2. Script

If you’re also the one tasked with writing the script, clearly spell out how many revisions it would take and charge accordingly. In most cases, you’ll have to work with your client on the script, because they may have a vision of what the video is going to look like. It may be better to write a script first according to the story they want and schedule a meeting with the client to agree on the script or what they want to change after reading it.

3. Watermark

You don’t want your client running with what you have created. Consider your watermark in writing a contract. Indicate that you’re going to put a watermark in every video you’ll be submitting to this client. The watermark will serve a your protection so that the client won’t be able to claim the video until you are paid. You need to have a clause indicating this because you want to get paid and you won’t be sending your final draft until the client pays you. You can also check out teacher contract templates.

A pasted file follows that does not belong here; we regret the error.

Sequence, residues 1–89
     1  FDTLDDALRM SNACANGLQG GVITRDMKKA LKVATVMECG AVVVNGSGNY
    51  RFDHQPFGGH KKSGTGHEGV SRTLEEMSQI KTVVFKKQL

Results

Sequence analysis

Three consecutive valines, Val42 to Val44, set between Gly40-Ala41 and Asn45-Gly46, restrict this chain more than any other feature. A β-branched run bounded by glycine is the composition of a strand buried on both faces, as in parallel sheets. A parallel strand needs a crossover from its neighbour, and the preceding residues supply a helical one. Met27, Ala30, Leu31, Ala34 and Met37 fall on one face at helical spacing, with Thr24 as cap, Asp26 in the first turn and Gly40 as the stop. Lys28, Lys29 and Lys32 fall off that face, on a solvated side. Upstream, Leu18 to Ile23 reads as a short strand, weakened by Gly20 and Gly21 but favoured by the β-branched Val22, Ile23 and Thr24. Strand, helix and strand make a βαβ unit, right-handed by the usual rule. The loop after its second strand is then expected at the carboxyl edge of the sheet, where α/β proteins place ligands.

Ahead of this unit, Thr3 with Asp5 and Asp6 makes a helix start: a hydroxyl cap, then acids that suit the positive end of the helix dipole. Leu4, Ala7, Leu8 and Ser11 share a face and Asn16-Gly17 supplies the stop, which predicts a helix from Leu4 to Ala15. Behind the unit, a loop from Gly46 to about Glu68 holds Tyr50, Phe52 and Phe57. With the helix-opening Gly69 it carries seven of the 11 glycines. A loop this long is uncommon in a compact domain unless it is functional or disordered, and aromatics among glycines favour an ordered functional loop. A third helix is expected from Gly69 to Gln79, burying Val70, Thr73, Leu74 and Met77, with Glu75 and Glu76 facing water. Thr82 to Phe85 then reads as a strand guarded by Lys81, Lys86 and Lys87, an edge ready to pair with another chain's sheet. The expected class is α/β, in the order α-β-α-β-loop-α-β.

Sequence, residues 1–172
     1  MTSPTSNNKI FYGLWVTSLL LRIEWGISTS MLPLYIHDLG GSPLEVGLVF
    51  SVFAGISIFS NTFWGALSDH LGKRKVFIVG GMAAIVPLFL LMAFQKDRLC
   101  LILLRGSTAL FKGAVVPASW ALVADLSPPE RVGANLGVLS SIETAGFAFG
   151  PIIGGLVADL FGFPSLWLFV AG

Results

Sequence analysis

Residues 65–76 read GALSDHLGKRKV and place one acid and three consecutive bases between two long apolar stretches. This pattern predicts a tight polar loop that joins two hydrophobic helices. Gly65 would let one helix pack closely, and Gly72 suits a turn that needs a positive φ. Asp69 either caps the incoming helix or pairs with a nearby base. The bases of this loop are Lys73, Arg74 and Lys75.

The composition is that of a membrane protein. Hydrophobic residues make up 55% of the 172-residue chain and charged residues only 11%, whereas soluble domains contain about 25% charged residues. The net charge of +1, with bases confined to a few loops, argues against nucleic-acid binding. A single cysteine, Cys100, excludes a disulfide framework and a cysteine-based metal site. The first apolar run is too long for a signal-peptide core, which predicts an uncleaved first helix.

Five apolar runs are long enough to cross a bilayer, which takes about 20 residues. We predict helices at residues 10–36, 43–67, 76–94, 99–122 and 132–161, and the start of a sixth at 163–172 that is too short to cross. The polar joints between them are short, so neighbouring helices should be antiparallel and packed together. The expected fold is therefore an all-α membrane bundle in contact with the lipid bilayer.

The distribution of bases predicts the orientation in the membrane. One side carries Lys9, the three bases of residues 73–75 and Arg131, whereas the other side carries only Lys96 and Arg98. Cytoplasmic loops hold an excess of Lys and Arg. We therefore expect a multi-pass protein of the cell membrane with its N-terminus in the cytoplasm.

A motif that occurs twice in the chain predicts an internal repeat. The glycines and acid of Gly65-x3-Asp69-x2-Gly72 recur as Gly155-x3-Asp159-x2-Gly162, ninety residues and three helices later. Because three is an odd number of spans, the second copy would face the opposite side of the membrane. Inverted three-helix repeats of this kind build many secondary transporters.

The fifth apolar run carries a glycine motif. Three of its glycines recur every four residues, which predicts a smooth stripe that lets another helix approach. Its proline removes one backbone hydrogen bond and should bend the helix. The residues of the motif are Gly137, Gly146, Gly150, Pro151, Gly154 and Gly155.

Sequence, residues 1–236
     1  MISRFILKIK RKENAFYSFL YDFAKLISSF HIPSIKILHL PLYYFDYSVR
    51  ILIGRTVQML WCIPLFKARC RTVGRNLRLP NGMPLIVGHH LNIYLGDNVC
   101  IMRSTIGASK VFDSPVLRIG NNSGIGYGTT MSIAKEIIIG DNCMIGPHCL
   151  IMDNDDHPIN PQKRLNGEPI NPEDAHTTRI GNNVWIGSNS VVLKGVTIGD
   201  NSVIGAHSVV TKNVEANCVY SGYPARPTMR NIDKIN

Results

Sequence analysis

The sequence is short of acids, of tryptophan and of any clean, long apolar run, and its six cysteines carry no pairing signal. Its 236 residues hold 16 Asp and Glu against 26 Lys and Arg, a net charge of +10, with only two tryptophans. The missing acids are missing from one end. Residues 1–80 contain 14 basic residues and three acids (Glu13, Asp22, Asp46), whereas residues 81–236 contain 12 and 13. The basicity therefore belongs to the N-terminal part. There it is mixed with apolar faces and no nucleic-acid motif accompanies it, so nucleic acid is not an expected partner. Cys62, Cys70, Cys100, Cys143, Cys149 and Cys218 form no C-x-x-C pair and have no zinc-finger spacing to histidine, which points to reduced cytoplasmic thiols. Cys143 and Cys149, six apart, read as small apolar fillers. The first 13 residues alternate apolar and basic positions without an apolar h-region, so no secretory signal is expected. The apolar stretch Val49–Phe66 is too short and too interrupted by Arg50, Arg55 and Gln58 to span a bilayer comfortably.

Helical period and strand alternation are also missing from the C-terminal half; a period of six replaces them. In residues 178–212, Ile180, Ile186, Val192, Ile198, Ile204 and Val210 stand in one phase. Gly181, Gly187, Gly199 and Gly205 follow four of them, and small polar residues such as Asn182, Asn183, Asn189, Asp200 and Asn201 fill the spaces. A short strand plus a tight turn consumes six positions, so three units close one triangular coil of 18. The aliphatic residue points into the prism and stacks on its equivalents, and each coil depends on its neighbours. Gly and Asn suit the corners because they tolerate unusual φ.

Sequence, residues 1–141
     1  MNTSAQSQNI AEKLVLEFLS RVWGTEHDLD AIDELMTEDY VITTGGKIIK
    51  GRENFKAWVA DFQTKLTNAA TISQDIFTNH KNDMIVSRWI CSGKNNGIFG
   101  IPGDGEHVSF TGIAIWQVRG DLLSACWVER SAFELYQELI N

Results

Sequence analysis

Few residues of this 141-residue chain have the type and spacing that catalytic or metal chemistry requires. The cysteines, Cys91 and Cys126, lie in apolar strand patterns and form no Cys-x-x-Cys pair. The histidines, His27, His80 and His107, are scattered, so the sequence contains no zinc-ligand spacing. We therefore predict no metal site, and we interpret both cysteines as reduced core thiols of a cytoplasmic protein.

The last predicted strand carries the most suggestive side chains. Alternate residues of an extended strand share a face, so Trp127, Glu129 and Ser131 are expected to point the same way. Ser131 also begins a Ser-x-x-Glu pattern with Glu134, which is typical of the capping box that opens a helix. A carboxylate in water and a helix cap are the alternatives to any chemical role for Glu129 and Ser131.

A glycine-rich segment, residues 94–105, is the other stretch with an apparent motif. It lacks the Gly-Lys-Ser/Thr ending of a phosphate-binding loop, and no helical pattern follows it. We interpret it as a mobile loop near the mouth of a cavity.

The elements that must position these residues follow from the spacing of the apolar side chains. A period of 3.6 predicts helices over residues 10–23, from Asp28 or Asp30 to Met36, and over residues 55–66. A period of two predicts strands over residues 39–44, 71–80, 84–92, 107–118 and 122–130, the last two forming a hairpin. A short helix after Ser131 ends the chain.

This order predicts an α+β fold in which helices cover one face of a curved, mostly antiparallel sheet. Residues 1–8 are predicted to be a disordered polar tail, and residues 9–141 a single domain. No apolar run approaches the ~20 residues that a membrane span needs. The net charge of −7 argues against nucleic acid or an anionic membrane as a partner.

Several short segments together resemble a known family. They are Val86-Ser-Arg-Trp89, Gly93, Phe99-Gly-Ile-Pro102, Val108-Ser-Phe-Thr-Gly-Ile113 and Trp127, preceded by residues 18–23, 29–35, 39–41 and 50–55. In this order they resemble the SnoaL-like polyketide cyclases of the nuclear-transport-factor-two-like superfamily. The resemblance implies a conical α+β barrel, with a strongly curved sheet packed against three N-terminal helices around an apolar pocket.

Video and Filming Services Guide

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Music Video Contract Template

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You’ve started to think that this could be a great career if the odds permit it, and you could actually be right if you know how to invest and make money out of video editing as a freelancer. You have endless opportunities and with ideas you want to sell, you’ll do just fine and you’ll figure it out just like your video editing where the cuts you’ve made makes up an invisible puzzle with a thousand pieces fit to make one story whole. You can also check out event contract templates.